2. Maureen S. Sullivan

      🙂 🙂 🙂 Good job Willie. Appreciate you tracking this down for us. I’ll be sending the link out to my family. My grandfather fought in WWII and my dad in Korea. Let’s honor their sacrifice.

  2. Bryan Lee

    French President Macron condemned for snubbing Juno Beach D-Day anniversary ceremony. And rightly so. The French continue to be weak and, mostly cowards.

    1. Xerxes I

      I wouldn’t be so condemning of the French president. He is just being French.

    2. Scotty Bush

      Real men don’t make excuses for the stupidity but the French President Macron does. Why? He’s French.

    1. Jonnie the Bart

      Although in previous wars, Corps commanders were well known and received great attention, that was not generally the case in World War II. However, the two Major Generals who oversaw Utah and Omaha Beaches were among the best. J. Lawton, “Lightning Joe,” Collins commanded VII Corps on Utah Beach while Leonard, “Gee,” Gerow and his V Corps were on Omaha Beach.

  3. The Kid 1945

    Loved your article interspersed with the speech (or was it a letter) by Gen Eisenhower; hero of the war.

  4. Edward Kennedy III

    War is something the vast majority of people neither know about or understand. They have no reference to understand and often don’t care to. What war does is exactly what was done in WWII, it stops horrible men from terrorizing the world. We could argue that Nazism and Japan’s attempts to conquer the world were fantasies but that goes too far into dreamland. Suffice it to say, it was a good thing we had great leaders at the time.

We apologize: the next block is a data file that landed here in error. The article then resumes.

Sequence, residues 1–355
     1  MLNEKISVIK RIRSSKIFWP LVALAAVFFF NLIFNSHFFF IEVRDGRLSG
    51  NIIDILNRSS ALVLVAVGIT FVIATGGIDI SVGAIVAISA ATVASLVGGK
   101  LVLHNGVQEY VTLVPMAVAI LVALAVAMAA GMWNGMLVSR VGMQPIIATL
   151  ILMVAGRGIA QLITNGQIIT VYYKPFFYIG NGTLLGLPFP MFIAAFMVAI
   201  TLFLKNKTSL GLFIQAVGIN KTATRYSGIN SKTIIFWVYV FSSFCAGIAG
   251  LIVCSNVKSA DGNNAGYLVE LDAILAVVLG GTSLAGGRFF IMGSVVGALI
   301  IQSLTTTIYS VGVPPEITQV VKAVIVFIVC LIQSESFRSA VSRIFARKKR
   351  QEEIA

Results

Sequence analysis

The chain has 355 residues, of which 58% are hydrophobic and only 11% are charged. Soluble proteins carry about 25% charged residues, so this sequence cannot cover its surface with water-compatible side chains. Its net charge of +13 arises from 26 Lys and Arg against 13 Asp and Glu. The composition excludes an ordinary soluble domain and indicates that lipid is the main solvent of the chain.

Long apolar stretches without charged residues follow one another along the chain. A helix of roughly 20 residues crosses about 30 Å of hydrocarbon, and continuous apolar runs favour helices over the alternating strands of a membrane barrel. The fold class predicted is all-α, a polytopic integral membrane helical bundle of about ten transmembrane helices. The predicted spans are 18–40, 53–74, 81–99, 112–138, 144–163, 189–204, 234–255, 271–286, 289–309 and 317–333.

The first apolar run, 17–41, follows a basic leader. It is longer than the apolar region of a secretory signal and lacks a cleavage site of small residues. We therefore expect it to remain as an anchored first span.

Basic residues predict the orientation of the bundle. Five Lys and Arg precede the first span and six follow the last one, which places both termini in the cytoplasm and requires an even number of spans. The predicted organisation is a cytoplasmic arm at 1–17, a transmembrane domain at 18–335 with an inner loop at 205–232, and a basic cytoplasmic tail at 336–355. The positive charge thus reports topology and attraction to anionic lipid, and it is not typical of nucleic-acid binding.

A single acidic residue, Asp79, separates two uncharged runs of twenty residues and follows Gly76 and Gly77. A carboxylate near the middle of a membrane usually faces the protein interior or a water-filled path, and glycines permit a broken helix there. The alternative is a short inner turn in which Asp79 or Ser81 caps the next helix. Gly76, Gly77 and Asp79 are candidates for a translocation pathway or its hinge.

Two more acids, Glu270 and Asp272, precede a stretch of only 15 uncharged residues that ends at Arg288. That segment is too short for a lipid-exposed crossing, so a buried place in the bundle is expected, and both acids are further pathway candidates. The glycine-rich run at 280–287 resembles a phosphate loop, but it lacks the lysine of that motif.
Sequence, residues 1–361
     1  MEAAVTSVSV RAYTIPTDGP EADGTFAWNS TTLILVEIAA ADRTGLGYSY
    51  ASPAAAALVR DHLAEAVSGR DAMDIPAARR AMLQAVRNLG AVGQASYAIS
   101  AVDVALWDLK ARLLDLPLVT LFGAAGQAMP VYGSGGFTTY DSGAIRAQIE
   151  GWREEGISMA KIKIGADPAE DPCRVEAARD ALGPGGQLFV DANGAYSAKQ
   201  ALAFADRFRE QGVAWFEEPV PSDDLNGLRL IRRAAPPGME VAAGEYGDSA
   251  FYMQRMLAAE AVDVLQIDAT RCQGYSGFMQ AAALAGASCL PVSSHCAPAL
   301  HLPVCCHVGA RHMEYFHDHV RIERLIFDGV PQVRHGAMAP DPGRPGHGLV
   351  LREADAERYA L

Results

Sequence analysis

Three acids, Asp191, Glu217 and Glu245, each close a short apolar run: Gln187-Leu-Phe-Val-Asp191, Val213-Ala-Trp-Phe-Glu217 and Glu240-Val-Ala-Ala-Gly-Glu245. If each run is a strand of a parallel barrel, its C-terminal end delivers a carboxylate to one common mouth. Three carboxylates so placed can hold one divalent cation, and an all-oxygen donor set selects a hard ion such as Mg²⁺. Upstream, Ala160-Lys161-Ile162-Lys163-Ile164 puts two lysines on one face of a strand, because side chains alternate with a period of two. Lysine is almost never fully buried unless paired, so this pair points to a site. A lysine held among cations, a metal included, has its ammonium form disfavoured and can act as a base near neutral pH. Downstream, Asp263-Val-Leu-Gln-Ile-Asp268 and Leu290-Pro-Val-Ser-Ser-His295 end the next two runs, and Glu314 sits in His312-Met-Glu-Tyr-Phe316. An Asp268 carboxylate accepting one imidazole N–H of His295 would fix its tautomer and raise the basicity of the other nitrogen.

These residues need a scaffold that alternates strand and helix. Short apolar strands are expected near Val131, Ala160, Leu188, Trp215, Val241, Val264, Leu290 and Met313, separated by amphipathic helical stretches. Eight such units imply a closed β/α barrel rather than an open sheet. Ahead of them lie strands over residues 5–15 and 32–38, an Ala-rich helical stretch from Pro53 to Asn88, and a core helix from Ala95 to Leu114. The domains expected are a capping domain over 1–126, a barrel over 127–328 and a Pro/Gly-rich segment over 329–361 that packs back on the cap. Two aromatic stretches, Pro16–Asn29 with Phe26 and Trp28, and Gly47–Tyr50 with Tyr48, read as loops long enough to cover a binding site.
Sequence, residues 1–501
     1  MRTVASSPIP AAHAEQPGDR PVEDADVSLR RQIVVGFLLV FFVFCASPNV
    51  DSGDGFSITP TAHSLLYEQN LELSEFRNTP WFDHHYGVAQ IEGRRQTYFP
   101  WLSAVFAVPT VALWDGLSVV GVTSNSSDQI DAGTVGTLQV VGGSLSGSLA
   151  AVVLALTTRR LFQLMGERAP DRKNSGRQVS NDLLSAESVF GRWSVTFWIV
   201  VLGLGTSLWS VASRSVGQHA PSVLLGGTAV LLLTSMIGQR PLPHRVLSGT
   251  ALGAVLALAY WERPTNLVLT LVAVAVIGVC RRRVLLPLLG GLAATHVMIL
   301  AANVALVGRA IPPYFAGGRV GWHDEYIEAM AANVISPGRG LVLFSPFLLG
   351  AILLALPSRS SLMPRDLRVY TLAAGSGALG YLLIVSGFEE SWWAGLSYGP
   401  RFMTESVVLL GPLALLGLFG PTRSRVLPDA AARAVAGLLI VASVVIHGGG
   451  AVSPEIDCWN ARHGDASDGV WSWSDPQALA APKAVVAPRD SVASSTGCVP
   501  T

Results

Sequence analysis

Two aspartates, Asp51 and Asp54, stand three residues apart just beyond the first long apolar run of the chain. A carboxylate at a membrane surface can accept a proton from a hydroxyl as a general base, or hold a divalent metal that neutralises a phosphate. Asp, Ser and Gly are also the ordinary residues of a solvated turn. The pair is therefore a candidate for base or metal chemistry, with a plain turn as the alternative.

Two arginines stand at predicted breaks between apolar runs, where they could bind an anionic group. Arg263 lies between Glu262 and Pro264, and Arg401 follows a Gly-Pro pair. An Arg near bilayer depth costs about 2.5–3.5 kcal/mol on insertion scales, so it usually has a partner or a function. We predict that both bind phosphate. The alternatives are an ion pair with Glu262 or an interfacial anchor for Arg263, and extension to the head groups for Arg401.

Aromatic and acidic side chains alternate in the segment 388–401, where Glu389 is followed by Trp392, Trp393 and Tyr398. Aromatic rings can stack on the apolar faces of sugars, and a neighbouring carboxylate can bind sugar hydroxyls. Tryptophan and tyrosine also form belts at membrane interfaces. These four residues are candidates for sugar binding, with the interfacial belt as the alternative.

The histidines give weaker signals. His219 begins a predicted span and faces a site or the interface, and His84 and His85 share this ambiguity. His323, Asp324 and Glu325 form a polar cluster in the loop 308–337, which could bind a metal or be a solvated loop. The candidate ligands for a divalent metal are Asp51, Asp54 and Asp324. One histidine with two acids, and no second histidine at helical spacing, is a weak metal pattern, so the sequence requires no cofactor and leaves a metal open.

1. Janna Faulkner

      You are spot on with this comment Mr. Kennedy. Great to see you reading Gen. Satterfield’s pages. I would like to see another article by you soon. I’m one of your biggest fans.

    2. Harry B. Donner

      Yes, more articles soon.
      Great comment.

  5. Eric Coda

    Communist Russia was having their butt kicked by the Nazi army at the time. Too bad they didn’t fall first before the free world intervened.

  6. Max Foster

    Fascism, communism, socialism all have one thing in common. They must be run by those who believe they are morally superior and are thuggish enough to force their ideas on the masses. All forms of these similar ideologies end the same way, a brutal dictator and his eventual destruction. But … many must die and suffer before that happens.

  7. Army Captain

    This was likely the most famous and most important day of the 20th Century.

    1. JT Patterson

      You are so right. The Western world came together on that day to destroy a brutal ideology; fascism. Too bad folks today don’t understand fascism, or its socialist roots.

    2. Albert Ayer

      Well said, let’s just hope others don’t forget.

    3. Lynn Pitts

      Yes, and will forever be seen as the best day of humanity and of free men.

      1. Eddie Ray Anderson, Jr.

        I agree. Looking back, I didn’t read about any harrassed lesbians on the beaches.